our Utah vacation. We were at Bald Mountain by 7:30 AM and went to the bowl area 
that has the rock cliffs on the left and the spruce trees on the right with a couple ponds in between. 
We had to keep reminding ourselves to take Mark Stackhouse's advice and be patient. 
Although we saw 3 dark birds fly over from the trees to the cliff, it wasn't 
a positive ID. So we continued to scan the cliffs and the tree tops with 
spotting scopes, and finally I found one perched on top of a spruce tree

that 3 of us got to see before it flew.

We had great looks at a male and 
female Williamson's Sapsucker feeding young at a nest hole, and great looks 
at another 3 Toed Woodpecker at Mirror Lake. Also found some Bushtits and Brown Creepers.

Subject: Black-Hawk and Condor Videos
Date: Thu, 28 Jun 2007 17:08:37 -0600
A couple of videos shot through my spotting scope this week...
Common Black-Hawk and young:
California Condors:

Subject: Zone-tailed Hawk, Spotted Owl, etc...
Date: Thu, 28 Jun 2007 15:03:58 -0600
Over the past few days I spent some time around Washington and Kane Counties
working, and birding. I was able to spend a few hours at Kolob Terrace earlier in the week, and was
rewarded with great looks at at least 2 different ZONE-TAILED HAWKS.  The birds 
were seen in several locations: At Kolob Creek Crossing where the creek plunges
over the cliffs, and along the road to Lava Point over the pond and fields. 

Also seen in the area were 12 CALIFORNIA CONDORS, many of which perched within
100' of the road for excellent viewing. The birds when soaring by seemed more
numerous than the Turkey Vultures.

Subject: our Utah birding vacation
From: "Connie Norheim" 
Date: Tue, 26 Jun 2007 18:24:03 -0500

We're coming towards the end of our birding vacation in Utah, and would like 
to thank all the people who have been so gracious and helpful in either 
suggesting places to go for certain birds, or referring us to others.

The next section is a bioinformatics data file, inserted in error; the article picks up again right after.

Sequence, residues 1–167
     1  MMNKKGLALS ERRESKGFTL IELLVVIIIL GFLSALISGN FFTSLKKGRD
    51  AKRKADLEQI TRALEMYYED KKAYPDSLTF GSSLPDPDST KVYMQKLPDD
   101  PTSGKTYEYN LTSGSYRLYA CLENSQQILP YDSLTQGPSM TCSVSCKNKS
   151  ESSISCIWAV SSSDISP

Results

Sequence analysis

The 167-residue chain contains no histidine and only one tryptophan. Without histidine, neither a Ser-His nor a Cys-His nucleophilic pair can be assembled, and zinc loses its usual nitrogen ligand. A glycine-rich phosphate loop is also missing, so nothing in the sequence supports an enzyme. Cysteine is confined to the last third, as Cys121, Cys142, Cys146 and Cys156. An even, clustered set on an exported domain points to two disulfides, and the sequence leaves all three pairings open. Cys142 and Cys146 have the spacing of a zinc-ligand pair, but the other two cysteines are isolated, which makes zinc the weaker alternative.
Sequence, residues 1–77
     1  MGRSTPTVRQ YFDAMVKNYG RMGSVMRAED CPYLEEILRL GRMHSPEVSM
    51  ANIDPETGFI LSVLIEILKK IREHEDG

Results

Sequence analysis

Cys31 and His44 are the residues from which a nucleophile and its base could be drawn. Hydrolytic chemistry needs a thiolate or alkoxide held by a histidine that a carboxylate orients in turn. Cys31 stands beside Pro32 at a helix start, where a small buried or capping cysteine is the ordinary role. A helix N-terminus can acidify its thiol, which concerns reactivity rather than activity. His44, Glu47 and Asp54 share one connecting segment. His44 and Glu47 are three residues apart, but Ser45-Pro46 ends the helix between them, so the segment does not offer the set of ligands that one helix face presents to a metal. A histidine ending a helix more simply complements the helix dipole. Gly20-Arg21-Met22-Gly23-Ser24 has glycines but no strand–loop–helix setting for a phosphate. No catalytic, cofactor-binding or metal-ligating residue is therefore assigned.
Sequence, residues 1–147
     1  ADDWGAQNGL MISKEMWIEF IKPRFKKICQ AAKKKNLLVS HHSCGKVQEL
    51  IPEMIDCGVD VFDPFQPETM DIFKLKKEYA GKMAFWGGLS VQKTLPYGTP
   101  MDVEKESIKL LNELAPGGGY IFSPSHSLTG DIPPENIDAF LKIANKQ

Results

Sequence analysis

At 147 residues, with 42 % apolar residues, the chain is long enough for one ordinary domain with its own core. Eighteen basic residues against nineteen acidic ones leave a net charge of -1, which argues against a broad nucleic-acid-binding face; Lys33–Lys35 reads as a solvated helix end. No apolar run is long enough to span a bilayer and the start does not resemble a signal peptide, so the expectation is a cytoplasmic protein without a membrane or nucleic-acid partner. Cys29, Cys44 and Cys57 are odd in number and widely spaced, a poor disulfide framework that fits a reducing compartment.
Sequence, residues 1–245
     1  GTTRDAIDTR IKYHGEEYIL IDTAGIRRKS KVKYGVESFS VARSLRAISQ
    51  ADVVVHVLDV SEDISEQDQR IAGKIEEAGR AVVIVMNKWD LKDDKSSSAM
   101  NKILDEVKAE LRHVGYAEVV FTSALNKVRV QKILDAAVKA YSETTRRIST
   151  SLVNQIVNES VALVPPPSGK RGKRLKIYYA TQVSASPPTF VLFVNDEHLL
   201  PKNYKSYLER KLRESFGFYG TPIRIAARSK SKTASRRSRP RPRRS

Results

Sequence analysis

Beus Pond at Ogden for the Western Screech Owl. We did find 3 owlets sitting on a branch 
directly over our head at 9:15 PM on the east path around the pond, just 
where she told us they'd be, and we didn't need to use any tapes to call them in.

Cars can drive into City Creek Canyon in Salt Lake City for $3 on even days, 
and we drove all the way to the end and birded. We heard, but never did see, 
Virginia's Warbler, our second lifer.

The 3 Toed Woodpecker at the Monte Criste campground, lifer #4 for Lew. What a 
lovely campground, we spent several hours there and also saw both the male 
and femate Williamson's sapsucker there.
The road to the Albion Campground is not open (won't open until June 30th we were told), 
so to go to Secret Lake we had a much longer hike than
originally planned, over 
5 miles round trip, and no Black rosy Finches to reward us. 

Over the past couple of weeks I have seen several Scott's Orioles southeast of 
Vernal. The area is south of US40 east of the the Green River. The area has 
scattered juniper and the yellow orioles are striking against the deep green of \
the junipers. 

I left work early today and wanted to get up to Monte Cristo and scout out
the woodpeckers and sapsuckers Kris Purdy reported yesterday.  My plan was
to scout them out and return tomorrow morning,blind up, and get some
pictures tomorrow.
Kris forgot to mention that one of the American Three-toed Woodpecker
nests was within four feet of the restroom about eight feet high.  I located
the cavity and started taking pictures. I used the rest room as my blind,
peeking around the corner.  I had the female come in and was feeding the
youngster's when two woman walked out of the restroom right into my lap.

Kane Co.
Last night I camped on a ridge top over looking Stout Canyon and saw a couple unusual 
things. One of the first birds I saw while scanning down into the canyon was a 
adult Goshawk perched in a dead tree that I was able to watch in the scope for 
about 5 minutes. Then while watching Common nighthawks soaring around before 
sundown a Black Swift flew right in front of me at eye level. I was watching it 
soar around for a couple minutes when another one joined it. I watched both of 
them at close range for a couple more minutes until they worked there way to